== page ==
AU-EVA1 5.7K Handhelds Deployed on Dolly and Jib for Capture of Wide Shots
NEWARK, NJ (September 24, 2019) – Flatirons Community Church (Lafayette, CO), ranked by Outreach magazine as the 11th largest church in the United States, has upgraded to Panasonic VariCam LT cameras with CineLive, as well as AU-EVA1 5.7K handheld cameras, for live production of weekly worship services. In partnership with Summit Integrated Systems, the church invested in a total of seven VariCam LTs and two AU-EVA1s in a large-scale replacement of their video system.
With its main broadcast campus in Lafayette, Colorado, Flatirons regularly sees more than 18,000 attendees per weekend over its five campuses, plus online live broadcasts on Facebook and YouTube. The church’s satellite sites are located in Denver, Aurora, Longmont, and Golden.
Flatirons’ 168,000 sq.ft. Lafayette venue houses the main auditorium, which can hold 4,300 people, plus overflow in the lobby of up to 2,000 people. This location’s 9 a.m. and 11 a.m. Sunday worship services are broadcast live to satellite campuses, social media platforms and the church’s web site, https://www.flatironschurch.com/. Typical weekend services feature modern worship music, alongside a Biblically-based spoken message. The music is not limited to conventional worship songs, but includes secular songs by popular bands such as Imagine Dragons, Foo Fighters, Muse, Coldplay and more.
Robb MacTavish, Flatirons’ Live Production Director, said that the move to the VariCam LTs with CineLive has resulted in “more cinematic, modern worship experiences that appear highly post-produced but are, in fact, live.”
“Flatirons is proud of its legacy of cinema cameras being used in live production, which dates back to 2013,” MacTavish said. “A main driver behind our investment in the VariCam LTs was the requirement for minimal latency due to a switch from projection to ROE LED displays for IMAG, which added about two frames of latency into our new 1080/59.94p workflow. With the new setup, we’re only experiencing four frames of latency end-to-end (two frames from our cameras and two frames from our LED displays).”
“The VariCam LTs are especially feature-rich; beyond the cinema look and feel, and low latency from the camera’s clean feed, we also utilize the ability to switch frame rates in-camera,” he continued, noting that worship productions deploy the 1080/59.94p format for a more lifelike teaching experience, with an effortless switch to 23.98p for a filmic rendition of musical performances.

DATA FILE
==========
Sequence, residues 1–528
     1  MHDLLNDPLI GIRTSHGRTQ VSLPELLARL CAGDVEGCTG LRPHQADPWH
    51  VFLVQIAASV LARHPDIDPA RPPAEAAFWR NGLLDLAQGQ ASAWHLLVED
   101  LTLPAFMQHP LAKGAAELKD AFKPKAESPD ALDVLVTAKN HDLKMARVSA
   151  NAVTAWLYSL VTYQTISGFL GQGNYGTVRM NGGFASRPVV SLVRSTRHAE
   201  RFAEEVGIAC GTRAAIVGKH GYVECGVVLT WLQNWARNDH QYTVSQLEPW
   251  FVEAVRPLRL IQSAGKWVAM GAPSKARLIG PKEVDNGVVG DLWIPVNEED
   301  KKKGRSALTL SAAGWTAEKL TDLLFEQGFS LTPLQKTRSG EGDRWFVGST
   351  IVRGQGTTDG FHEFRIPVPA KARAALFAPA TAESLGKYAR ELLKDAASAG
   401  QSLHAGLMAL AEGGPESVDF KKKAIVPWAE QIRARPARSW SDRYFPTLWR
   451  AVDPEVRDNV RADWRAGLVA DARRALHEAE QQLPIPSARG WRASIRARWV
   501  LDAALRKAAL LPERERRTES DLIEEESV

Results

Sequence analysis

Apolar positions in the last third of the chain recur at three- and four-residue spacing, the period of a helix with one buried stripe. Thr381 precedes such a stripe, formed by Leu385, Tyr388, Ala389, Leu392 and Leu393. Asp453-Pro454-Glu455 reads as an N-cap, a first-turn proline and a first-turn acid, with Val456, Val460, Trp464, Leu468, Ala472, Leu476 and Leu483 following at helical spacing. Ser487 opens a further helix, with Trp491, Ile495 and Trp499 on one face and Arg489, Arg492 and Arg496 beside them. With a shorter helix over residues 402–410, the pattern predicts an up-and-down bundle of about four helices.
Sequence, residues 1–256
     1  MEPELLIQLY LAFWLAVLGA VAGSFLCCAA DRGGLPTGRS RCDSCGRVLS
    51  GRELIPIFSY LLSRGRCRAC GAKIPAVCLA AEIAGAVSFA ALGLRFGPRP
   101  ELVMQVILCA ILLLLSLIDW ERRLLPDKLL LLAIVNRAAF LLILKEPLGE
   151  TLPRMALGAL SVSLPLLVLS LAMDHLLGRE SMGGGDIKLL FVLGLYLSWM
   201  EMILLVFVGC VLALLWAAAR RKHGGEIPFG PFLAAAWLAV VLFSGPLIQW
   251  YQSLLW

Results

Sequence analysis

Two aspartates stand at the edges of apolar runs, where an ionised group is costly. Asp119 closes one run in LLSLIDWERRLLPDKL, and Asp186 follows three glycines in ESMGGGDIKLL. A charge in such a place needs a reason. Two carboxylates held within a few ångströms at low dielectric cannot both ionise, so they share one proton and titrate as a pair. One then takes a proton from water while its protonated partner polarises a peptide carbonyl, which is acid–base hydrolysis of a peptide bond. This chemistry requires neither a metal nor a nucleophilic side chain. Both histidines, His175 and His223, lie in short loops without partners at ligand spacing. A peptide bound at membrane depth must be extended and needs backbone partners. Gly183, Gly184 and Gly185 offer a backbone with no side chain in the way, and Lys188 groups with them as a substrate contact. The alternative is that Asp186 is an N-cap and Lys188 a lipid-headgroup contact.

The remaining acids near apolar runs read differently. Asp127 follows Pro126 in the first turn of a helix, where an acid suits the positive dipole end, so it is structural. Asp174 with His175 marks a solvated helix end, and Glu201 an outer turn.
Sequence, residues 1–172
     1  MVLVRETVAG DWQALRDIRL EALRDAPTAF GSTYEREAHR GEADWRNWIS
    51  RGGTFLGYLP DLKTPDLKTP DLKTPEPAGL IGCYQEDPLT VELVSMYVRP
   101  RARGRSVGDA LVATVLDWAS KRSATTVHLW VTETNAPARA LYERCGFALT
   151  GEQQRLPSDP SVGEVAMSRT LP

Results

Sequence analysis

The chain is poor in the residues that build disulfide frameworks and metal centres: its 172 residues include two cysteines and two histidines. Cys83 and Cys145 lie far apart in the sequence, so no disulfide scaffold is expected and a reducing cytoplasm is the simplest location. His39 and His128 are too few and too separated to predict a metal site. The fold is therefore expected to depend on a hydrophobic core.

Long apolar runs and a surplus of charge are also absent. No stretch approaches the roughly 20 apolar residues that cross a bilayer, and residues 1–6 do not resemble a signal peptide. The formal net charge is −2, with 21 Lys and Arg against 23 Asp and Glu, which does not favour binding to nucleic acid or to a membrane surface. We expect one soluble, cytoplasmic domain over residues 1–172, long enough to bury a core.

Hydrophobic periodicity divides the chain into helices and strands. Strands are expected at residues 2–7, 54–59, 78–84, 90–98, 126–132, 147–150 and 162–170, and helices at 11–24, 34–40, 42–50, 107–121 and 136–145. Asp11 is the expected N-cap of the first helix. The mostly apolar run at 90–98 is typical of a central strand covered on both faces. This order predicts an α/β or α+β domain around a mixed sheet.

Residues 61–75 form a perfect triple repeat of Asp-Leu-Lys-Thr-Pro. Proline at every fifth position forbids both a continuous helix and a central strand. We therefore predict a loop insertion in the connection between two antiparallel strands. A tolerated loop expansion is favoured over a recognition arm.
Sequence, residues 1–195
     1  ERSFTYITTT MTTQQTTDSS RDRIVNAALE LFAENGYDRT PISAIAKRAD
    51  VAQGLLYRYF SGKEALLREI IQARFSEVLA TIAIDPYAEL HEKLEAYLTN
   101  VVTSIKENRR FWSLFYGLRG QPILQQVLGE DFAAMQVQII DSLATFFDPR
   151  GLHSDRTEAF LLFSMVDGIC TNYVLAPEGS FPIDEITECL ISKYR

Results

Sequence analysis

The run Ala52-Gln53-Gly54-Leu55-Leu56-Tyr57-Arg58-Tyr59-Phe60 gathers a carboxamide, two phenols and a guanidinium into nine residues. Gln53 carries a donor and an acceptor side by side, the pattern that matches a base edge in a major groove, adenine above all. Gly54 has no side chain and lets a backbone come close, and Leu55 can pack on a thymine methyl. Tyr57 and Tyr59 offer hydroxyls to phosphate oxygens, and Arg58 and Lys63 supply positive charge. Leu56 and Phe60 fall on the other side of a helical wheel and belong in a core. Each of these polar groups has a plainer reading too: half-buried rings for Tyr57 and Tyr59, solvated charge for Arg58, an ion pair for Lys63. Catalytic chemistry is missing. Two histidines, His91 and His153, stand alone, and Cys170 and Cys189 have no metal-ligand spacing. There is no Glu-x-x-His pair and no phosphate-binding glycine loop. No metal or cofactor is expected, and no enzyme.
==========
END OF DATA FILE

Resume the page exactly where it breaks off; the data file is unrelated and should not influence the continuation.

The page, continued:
MacTavish added that teaming the VariCam LTs with Panasonic’s AK-HRP1000 Remote Operating Panels “puts professional grade, tactile control of the cameras in the hands of our shaders, allowing camera operators to concentrate on shot composition and movement.”
“Also, we make extensive use of the ‘dirty’ feed out of the camera to relay on-screen menu detail to our shader positions, with a clean feed going to the switcher.”
The VariCam LT and AK-HRP1000 combination is referred to as CineLive and allows complete control and shading of the camera from the control room. While the CineLive system is capable of 4K internal recording and live HD output, Flatirons currently utilizes the 1080p output to interface with two 24’ by 12’ LED screens and broadcasting services. MacTavish anticipates a future upgrade to 1080/59.94p HDR production as Panasonic’s feature rich technology continues to evolve.
In terms of VariCam LTs’ placement in the main auditorium, Camera 1 is a locked down stage-wide shot, Camera 2 is on the center line 78’ from the stage, Camera 3 is a slash camera used for angle shots from Front of House right, Cameras 4 and 5 are placed approximately 24’ from the stage for angle shots from the left and right, and Cameras 6 and 7 are used handheld on stage left and right for close-ups of musicians and instruments. One AU-EVA1 is used on a 21’ dolly track at Front of House, and the second is used on a jib that is placed in various locations throughout the auditorium.
The VariCam LTs are outfitted with Fujinon Cabrio S35 lenses, including the XK6x20 (T3.5/20-120mm), ZK12x25 (T3.5/25-300mm) and ZK3.5×85 (T2.9-4.0/85-300mm) models, as well as Sigma 120-300mm f/2.8 lenses and (for the LTs used handheld) a selection of Rokinon 35, 50, and 85mm prime lenses, and the Canon 24-70mm f/2.8L II USM lens. The AU-EVA1s use Canon 70-200mm f/2.8L IS II USM (dolly) and Canon 16-35mm f/2.8L II USM (jib) lenses.
MacTavish said that the AU-EVA1s were providing cost-efficient capture of wider shots, with ease-of-use for operators and versatile iPad control for live shading.